A 90-year-old atheist has outlived and out-smoked his contemporaries, and as he comes to terms with his own mortality, he searches for ever-elusive enlightenment.
Harry Dean Stanton first made an impression on me as a child when I saw him in “Alien.” While I never thought of him as a great actor, he had onscreen charisma in spades. While attending film school in Dublin back in the late ’80s, watching him repeatedly in “Paris, Texas” became a class tradition and my respect for him grew exponentially. He continued to carve out a niche for himself playing offbeat characters in films such as “Christine,” “Repo Man,” and “Wild at Heart” but with this year’s “Lucky,” he didn’t appear to be playing a character, rather, a slightly exaggerated version of himself. And we are all the better off because of it.
Lucky (Harry Dean Stanton) is a U.S. Navy veteran who lives in a small Arizona town in the middle of nowhere. Well into his nineties, his doctor is constantly surprised just how healthy he is, taking into consideration he still smokes at least one pack of cigarettes a day. Lucky has a daily routine: first thing in the morning he wakes up to a cigarette, exercises, visits the local coffee shop to do his crossword puzzle, walks around town, watches game shows in the afternoon, and then finishes every evening at the local bar. This has been his routine for years but things change when one day, he collapses onto the floor. His doctor, Christian (Ed Begley Jr.) can’t find anything wrong with him and reinforces the fact that because of his age, his body will slowly and gradually, begin to shut down. Lucky seems unfazed but as he continues his routine, it slowly dawns on him that he is indeed, getting older and is at an age that most people never reach. Suddenly, his own mortality comes into view, and he can’t help but take a look at his life and see where he came from, and what he can do with the remainder of his life.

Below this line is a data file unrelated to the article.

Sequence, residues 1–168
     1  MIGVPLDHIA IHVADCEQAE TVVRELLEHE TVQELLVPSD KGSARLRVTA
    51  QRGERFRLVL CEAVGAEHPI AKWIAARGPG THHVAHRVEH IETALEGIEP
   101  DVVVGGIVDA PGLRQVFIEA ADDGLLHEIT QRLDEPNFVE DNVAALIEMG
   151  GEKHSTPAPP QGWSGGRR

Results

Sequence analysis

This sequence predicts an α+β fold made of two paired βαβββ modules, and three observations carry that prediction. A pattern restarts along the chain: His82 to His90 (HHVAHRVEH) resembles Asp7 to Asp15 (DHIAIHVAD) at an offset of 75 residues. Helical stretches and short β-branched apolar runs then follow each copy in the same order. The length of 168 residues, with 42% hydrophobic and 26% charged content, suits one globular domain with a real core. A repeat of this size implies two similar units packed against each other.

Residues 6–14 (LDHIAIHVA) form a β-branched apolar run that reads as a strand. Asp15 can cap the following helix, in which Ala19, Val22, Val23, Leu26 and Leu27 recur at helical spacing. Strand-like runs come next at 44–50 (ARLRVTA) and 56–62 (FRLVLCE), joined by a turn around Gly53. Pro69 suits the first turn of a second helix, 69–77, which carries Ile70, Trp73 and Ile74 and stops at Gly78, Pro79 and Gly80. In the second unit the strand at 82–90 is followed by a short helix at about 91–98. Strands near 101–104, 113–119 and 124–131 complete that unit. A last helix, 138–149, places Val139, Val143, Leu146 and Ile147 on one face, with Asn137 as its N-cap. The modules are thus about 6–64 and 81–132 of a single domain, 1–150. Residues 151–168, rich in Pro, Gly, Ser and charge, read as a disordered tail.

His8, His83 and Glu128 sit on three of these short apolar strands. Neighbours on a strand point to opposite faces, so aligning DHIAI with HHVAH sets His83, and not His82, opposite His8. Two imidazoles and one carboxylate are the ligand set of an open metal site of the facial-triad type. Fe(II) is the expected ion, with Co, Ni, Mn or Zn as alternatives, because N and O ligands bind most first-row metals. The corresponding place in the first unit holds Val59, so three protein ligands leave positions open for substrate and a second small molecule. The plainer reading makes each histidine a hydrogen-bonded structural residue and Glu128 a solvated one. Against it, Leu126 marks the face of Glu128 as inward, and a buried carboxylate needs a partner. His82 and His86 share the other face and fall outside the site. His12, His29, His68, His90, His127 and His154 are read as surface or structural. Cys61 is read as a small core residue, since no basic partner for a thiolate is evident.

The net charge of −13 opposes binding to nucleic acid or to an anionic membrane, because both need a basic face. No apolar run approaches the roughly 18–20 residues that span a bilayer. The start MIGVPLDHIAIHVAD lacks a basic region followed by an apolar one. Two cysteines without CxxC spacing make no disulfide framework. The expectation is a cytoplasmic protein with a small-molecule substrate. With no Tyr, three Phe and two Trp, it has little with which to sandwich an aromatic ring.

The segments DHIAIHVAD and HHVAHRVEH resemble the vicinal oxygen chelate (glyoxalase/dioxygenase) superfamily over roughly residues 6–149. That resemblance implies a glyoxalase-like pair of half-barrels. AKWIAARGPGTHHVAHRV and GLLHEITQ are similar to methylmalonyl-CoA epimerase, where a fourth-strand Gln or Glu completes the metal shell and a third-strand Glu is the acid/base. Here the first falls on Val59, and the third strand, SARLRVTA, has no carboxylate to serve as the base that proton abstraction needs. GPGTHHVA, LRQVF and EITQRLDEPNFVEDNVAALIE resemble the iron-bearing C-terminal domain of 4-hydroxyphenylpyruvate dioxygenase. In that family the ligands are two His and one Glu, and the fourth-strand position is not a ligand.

The film moves at a snail’s pace but it is a very intriguing and absorbing slice of life. Lucky does the exact same thing day in and day out with seemingly no change in attitude but after his collapse, which his doctor cannot explain, putting it down to his age, Lucky begins to think outside of the little box he cemented himself in decades earlier. He was never married, has no children, and is quite content doing absolutely nothing every day, after all, he’s earned that right but Stanton’s craggy old face begins to show signs of life, for the first time in years, especially when he is invited to a Hispanic birthday party and silently observes the large family enjoying the celebration and to everybody’s surprise, begins singing in Mexican, accompanied by three mariachis. It looks like Lucky has a few surprises up his sleeve after all.
Stanton’s “Alien” co-star Tom Skerritt cameos in a scene where both men meet for the first time in a diner and share stories from their time in the military during World War II, Lucky being a Navy veteran while Skerrit’s Fred is an ex-Marine. It’s a short scene but both characters describe some horror stories from their experiences in Saipan where the Japanese threw themselves off cliffs in order to avoid capture by the Americans and the moment is so descriptive, it has more impact on you than any visual reference could ever have achieved. Ron Livingston and filmmaker David Lynch (who directed Stanton in “Wild at Heart” and “Twin Peaks: Fire Walk with Me”) appear throughout the movie and shine in their small but respective roles. As is the norm with so many films of this ilk, by the time the finale rolls around, the aged, grizzled character passes away but thankfully, director John Carroll Lynch doesn’t let that happen, instead, in the movie’s final shot, Lucky walks off towards the setting Arizona sun, just as a tortoise moves into frame and casually walks across the screen, reminding us that even in his nineties, Stanton was an unstoppable force and still faster than most.
Now available on DVD